The Duncan Banner
Marlow Outlaw fans grow up hearing the story of the five Marlow brothers and how just a few men defied adversity in the hardest of times.
This season, those fans are getting to see a different group of brothers carry the Marlow football program to new heights.
Though they aren’t biological brothers, seniors Trey Coffman, Kagan Blackburn, Kelby Richardson and sophomore Braeden O’Dell are four main cogs in a Marlow team that churned out a winning season for the first time since 2007.
“We’re not where we need to be yet, but they are the ones who are laying the foundation,” coach Rob Renshaw and the fifth brother said. “Really, it’s about attitude and effort and their attitude has been great and their effort has been great.”
The five sons of Dr. Marlow, for whom the town is named, were Boone, George, Alfred, Charles and Lewellyn. Late in August of 1888, four were arrested by two deputy U.S. Marshals despite no evidence warranting the arrest. While they were moved from one jail to another, their entourage was ambushed by a mob, and the four brothers fought until their last breath.
The Marlow Chamber of Commerce has a quote on its website from the judge who presided over the following mob trial. It reads:
“This is the first time in the annals of history where unarmed prisoners, shackled together, ever repelled a mob. Such cool courage that preferred to fight against such odds and die, if at all in glorious battle rather than die ignominiously by a frenzied mob, deserves to be commemorated in song and story.”
Back to the future, in 2011 Coffman and Blackburn watched their team fall to a disappointing 1-9, despite six losses by a single-digit margin.
“It’s not very fun when you get beat,” Blackburn said. “There was like one game, I think, that we lost by more than one or two touchdowns. It was all in the fourth quarter.”
They rebounded their junior year being joined by Richardson, who moved from Pittsburgh, and new coach Renshaw, who like the fifth brother doesn’t take part in the daily ambush the football team goes through, but deserves his place in history. They finish 4-7 and lose in the first round of the playoffs.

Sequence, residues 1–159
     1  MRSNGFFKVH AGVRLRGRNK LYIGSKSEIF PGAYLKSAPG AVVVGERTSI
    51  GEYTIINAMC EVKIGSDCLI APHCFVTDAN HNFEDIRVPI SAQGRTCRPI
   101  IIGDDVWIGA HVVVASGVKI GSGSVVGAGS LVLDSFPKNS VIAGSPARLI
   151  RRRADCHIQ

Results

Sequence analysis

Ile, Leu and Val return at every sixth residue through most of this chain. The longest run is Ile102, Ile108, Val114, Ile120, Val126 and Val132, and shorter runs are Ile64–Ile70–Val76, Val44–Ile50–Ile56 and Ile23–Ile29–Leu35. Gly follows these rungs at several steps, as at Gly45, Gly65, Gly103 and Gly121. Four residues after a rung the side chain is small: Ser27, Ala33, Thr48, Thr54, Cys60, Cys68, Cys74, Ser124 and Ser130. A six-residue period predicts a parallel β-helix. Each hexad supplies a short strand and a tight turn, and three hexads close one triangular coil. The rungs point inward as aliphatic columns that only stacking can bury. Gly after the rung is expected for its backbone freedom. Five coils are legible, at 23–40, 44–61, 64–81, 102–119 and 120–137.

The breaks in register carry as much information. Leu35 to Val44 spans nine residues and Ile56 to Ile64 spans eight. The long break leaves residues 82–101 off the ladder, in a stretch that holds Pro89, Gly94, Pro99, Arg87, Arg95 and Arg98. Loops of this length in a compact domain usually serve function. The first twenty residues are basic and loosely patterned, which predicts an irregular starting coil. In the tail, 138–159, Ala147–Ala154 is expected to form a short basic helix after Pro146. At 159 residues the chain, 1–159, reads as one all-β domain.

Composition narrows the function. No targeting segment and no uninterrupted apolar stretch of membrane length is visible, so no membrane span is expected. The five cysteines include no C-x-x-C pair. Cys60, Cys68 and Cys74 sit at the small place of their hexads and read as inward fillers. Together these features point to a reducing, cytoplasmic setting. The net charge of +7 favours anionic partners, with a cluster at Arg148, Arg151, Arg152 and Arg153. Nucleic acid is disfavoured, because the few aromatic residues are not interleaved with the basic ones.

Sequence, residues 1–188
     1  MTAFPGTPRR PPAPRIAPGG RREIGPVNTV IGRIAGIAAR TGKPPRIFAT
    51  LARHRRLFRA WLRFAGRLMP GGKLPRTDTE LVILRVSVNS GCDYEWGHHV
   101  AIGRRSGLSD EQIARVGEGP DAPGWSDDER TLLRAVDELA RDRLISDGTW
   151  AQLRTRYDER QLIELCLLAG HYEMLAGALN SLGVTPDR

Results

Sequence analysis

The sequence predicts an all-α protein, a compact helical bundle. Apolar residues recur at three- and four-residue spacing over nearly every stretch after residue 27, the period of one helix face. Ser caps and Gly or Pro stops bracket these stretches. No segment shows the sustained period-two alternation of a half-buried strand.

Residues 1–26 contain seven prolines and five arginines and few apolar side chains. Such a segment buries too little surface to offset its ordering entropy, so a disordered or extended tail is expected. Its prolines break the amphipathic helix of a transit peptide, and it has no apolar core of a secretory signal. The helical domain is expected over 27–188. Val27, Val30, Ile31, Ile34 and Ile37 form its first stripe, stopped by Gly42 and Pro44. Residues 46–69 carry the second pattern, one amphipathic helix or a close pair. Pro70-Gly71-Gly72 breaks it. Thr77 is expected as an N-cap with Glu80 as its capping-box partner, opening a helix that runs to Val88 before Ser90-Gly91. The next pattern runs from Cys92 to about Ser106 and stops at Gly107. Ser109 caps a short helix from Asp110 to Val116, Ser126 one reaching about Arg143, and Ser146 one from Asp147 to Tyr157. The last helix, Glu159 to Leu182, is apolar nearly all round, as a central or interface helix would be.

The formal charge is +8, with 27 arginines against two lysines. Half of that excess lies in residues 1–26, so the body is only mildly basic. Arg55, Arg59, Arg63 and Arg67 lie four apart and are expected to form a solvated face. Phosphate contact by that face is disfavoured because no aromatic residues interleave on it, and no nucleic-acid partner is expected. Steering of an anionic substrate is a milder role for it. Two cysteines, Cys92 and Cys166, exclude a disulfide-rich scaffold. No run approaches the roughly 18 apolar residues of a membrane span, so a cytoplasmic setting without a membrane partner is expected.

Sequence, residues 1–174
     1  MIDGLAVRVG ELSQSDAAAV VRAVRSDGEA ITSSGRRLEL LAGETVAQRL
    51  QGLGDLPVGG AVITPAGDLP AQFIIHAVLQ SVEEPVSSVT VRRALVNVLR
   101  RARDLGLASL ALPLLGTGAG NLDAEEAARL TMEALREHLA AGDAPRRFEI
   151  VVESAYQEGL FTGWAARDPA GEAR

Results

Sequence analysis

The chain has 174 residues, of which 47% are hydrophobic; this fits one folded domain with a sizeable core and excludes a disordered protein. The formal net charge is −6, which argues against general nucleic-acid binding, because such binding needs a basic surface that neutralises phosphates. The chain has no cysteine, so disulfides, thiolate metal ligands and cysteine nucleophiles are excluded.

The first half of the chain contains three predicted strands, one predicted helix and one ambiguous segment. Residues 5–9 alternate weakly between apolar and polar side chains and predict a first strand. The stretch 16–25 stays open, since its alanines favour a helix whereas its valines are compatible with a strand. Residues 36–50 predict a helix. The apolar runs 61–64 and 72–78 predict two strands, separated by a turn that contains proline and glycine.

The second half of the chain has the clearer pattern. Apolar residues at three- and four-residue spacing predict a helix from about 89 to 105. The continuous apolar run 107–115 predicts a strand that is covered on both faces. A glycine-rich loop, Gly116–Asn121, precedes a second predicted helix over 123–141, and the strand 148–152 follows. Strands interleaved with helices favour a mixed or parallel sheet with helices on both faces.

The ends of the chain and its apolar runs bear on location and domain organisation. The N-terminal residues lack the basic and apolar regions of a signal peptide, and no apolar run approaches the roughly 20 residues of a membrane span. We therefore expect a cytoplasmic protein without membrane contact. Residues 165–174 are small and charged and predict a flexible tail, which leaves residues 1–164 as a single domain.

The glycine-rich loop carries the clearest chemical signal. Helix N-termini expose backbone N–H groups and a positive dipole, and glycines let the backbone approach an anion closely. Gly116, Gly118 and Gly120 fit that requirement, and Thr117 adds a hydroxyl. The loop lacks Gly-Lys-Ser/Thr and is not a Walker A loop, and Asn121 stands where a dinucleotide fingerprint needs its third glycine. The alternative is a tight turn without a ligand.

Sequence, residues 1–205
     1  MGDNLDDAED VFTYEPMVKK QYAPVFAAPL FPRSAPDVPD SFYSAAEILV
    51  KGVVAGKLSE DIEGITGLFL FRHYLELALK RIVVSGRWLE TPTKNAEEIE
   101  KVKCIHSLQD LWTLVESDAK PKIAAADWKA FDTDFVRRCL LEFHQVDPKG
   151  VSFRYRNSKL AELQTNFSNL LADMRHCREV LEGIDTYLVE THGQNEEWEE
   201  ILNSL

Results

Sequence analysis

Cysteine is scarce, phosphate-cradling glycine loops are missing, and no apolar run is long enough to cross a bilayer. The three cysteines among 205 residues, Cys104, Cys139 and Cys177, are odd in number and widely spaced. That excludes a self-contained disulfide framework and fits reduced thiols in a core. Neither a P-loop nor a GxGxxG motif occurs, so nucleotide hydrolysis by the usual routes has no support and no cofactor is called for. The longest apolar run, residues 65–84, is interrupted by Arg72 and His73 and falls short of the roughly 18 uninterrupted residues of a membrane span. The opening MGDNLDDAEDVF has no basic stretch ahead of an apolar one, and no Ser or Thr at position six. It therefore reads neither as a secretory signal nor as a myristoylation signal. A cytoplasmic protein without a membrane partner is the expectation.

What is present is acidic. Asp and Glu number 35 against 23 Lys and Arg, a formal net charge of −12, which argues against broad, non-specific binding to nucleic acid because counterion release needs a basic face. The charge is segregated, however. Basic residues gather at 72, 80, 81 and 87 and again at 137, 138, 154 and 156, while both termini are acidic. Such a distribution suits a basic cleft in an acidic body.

To start 2013 they face an ambush like season with reigning state champ Blanchard, Tuttle, Jones, Lone Grove and Kingfisher all ready to pounce on the Outlaws.
“We’re a lot like them if you put it that way,” Coffman said. “I was hoping we were going to try to do something special this year, try to do something good. Putting it like the Outlaw brothers in the ambush, we’re just trying to live our life, trying to play hard and living week by week.”
With O’Dell’s addition at the beginning of the season, the players have seized their individual roles. Being the starting quarterback against that gauntlet of teams hasn’t been an easy adjustment, even with all of the weapons he has had, O’Dell said.
“It’s pretty overwhelming,” O’Dell said. “I got scared a lot. I’m a sophomore. The next two years I’m sure it won’t happen, but I’m still young.”
In the heat of battle, the Outlaws lost Richardson, the top receiver, to an arm injury. He was out for the game against Blanchard, but made his return against Tuttle. Then, in a game to lock up the final playoff spot in the district, Richardson scored the first touchdown in the 55-0 rout against Bridge Creek.
“I thought I would be right back out there,” Richardson said. “I didn’t think it would be this long. It felt great (getting that touchdown). It felt like I hadn’t been gone.”
As Renshaw prepares for the final regular season game against undefeated Kingfisher, he gives little thought to the Outlaw comparison. His thoughts revolve around strategy and how his team will fare against the tough competition Friday and in the playoffs. He shrugs off the tough schedule saying it is the same schedule they played last year.
The team’s first round playoff opponent, Seminole, will be the same as well. Last year, Marlow lost 59-7. This year, the five brothers will try to lay one last piece to that foundation, before three ride off into the sunset of their future.